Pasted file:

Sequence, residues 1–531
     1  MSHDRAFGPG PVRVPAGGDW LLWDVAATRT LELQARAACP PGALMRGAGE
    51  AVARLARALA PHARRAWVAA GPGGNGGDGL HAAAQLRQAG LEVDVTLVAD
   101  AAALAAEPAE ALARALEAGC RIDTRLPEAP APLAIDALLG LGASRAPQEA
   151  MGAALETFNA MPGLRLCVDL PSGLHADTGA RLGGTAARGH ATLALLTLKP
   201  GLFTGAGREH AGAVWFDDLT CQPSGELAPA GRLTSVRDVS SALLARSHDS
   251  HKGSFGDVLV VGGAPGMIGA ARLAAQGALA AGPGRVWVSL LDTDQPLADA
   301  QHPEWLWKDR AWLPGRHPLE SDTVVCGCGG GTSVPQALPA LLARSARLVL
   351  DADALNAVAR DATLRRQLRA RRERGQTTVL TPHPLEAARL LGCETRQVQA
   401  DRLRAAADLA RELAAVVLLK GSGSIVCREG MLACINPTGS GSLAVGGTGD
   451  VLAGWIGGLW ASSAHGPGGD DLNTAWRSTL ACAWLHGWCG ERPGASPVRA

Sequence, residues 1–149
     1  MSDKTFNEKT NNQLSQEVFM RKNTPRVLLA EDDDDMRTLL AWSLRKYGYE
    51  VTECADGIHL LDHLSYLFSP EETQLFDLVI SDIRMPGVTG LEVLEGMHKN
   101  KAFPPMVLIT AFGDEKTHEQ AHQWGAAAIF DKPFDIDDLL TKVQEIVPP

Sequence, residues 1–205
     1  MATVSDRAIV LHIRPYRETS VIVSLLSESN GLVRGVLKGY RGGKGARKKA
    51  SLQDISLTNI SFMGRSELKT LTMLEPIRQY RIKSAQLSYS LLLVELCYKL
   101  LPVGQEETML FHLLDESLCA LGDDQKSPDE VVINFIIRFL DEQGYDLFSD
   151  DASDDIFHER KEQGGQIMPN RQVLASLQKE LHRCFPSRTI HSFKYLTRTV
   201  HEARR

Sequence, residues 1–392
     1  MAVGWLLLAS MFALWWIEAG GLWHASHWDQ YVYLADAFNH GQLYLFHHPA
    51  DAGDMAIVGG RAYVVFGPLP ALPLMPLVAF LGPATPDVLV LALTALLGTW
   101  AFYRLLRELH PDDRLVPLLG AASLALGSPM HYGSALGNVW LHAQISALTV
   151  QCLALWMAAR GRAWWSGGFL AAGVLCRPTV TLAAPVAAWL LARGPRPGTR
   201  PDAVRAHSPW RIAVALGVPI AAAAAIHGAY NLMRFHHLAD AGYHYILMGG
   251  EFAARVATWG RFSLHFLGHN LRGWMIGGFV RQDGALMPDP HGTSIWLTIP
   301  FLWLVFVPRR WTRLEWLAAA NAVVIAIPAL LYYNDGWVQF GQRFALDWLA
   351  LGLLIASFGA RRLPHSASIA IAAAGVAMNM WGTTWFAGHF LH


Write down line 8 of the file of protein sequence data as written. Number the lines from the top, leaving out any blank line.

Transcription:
   301  QHPEWLWKDR AWLPGRHPLE SDTVVCGCGG GTSVPQALPA LLARSARLVL